Leading the leader on Charlottesville



By Fred Benson

On Jan. 31, 1968, 10,000 North Vietnamese Army and Viet Cong troops launched surprise attacks throughout South Vietnam. A key target was the city of Hué, the historical capital of Vietnam. After 24 days of the heaviest fighting of the Vietnam War, American and South Vietnamese troops painstakingly retook the city, block by block, building by building, room by room. This battle claimed the lives of 10,000 people, most of whom, as is usually the case, were innocent civilians. When the dust settled, both sides declared victory. The Americans claimed the win for having evicted the communist forces from Hué, and the North Vietnamese were confident that they had won because of the damage done to U.S. public support for the war.

Hué was a turning point in the Vietnam War. Opposition to the war grew more rapidly as citizens realized they had been seriously misled by senior civilian and military leaders who repeatedly claimed that “victory was in sight.” Thirty days after this battle, President Johnson announced he would not seek his party’s nomination for the upcoming presidential election. General William Westmoreland, the commander of U.S. forces in Vietnam, was relieved a few weeks later. The debate in Washington turned from winning the war to finding an “honorable end,” a process that required an additional seven years and cost thousands of U.S. casualties.

The battle of Hué is historically important. The American people lost faith in the integrity and effectiveness of our government, a seed planted then that has flourished over time and is very much rooted in our society today.

When our president recently failed to differentiate armed Nazi thugs who showed up in Charlottesville to protest removal of confederate statues from those engaged in a counterprotest, he came under intense criticism. Foremost among those critics were the senior military leaders of our nation who, while not directly mentioning the president, clearly refuted the equivalent legitimacy he assigned to both sides of the demonstration. The chief of naval operations, the commandant of the Marine Corps, and the Air Force chief of staff all issued statements reflecting the tone of remarks made by Army Chief of Staff General Mark Milley: “The Army doesn’t tolerate racism, extremism or hatred in our ranks. It is against our values and everything we’ve stood for since 1775.”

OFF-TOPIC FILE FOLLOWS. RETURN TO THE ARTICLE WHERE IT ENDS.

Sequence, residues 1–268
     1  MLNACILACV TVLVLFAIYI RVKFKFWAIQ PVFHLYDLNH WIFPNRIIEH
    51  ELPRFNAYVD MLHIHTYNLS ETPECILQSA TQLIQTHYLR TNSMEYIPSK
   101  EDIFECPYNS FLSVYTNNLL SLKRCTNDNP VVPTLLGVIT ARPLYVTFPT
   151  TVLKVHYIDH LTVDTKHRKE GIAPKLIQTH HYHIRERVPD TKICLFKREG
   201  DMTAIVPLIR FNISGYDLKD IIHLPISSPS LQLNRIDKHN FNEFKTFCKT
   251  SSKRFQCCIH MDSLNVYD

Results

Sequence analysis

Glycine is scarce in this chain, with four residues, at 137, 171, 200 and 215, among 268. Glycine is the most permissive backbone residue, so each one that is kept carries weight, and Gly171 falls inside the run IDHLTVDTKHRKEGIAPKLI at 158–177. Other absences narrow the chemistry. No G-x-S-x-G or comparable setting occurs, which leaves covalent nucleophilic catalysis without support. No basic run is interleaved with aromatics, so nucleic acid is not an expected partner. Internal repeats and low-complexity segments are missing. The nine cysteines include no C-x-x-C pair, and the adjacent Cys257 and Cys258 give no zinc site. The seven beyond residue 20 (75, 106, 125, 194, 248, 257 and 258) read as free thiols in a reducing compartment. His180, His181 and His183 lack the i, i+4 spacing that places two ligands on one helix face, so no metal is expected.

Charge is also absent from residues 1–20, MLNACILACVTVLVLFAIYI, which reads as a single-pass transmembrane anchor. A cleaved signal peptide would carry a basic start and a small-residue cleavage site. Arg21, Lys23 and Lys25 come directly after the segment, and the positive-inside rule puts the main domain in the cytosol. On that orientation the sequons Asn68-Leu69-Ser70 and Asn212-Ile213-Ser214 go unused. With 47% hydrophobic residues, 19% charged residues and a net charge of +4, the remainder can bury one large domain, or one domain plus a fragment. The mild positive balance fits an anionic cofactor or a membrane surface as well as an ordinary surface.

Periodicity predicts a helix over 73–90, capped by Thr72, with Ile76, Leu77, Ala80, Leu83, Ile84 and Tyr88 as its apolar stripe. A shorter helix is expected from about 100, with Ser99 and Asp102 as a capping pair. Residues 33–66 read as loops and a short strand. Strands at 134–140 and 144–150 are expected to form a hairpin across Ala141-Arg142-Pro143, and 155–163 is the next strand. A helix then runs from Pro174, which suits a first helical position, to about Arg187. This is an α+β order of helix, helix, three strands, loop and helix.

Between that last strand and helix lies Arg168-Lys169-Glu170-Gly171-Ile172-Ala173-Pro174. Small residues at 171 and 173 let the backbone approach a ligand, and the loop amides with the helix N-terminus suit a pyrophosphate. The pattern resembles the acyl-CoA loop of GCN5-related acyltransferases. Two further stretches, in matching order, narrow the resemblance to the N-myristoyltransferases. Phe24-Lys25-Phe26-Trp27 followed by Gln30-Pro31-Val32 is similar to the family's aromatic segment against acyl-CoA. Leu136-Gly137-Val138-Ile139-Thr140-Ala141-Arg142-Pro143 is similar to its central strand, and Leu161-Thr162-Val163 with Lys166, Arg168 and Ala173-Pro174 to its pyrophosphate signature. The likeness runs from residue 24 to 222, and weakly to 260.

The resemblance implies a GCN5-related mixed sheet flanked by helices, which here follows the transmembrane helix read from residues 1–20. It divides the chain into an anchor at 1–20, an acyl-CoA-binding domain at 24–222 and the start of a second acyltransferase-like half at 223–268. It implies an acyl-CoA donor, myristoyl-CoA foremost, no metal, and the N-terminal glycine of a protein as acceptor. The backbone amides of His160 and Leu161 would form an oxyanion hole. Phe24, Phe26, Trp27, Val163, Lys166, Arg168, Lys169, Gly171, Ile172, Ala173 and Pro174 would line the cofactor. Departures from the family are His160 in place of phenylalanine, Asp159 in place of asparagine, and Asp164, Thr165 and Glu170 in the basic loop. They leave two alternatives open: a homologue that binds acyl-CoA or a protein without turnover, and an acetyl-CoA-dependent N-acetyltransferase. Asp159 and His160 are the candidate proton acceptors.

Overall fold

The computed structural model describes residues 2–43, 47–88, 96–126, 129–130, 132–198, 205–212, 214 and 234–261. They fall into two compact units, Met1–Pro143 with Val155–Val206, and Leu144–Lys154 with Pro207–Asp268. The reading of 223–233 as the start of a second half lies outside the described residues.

It is difficult to imagine that these four service chiefs spoke out without the permission or a nod from Secretary of Defense James Mattis, who offered his own view while talking informally with U.S. troops overseas: “You’re a great example for our country right now. It’s got some problems. You know it, and I know it. It’s got problems that we don’t have in the military. You just hold the line, my fine young soldiers, sailors, airmen, marines; you just hold the line until our country gets back to understanding and respecting each other.” These passionate critiques coming from our top military leaders suggest the possibility of a gentle coup.

With this president once again having failed to present himself as someone worthy of leading our nation by exposing his stunning lack of judgment and sensitivity in Charlottesville, a strong case can be made that his administration has reached a critical turning point.

Given that determination, the future of this administration rests squarely on the shoulders of three generals and a former corporate CEO. White House Chief of Staff John Kelly, Mattis, National Security Advisor H.R. McMaster and Secretary of State Rex Tillerson have their hands on the throttles of our national defense and international affairs engines. But there is a governor on both those engines – the president – who, as Tillerson emphasized, “speaks for himself.”

Many observers wonder why these four senior administration officials would continue to suffer the indignity of not knowing what the president will say or do at any given time and whether his actions will undermine the vision of the administration as a whole. The three generals were trained to serve their nation through thick and thin. I do not believe they will let the country down by quitting. Surely they know that doing so would allow sycophants to fill their positions and make matters worse. Tillerson has shown on occasion that he is built the same way. We need to hope these men are talking to each other, and often. They are now engaged in the incredibly demanding task of attempting to lead their leader. We wish them well.

Fred Benson is a resident of Mount Desert and publishes Capitol Commentary, an independent political newsletter.

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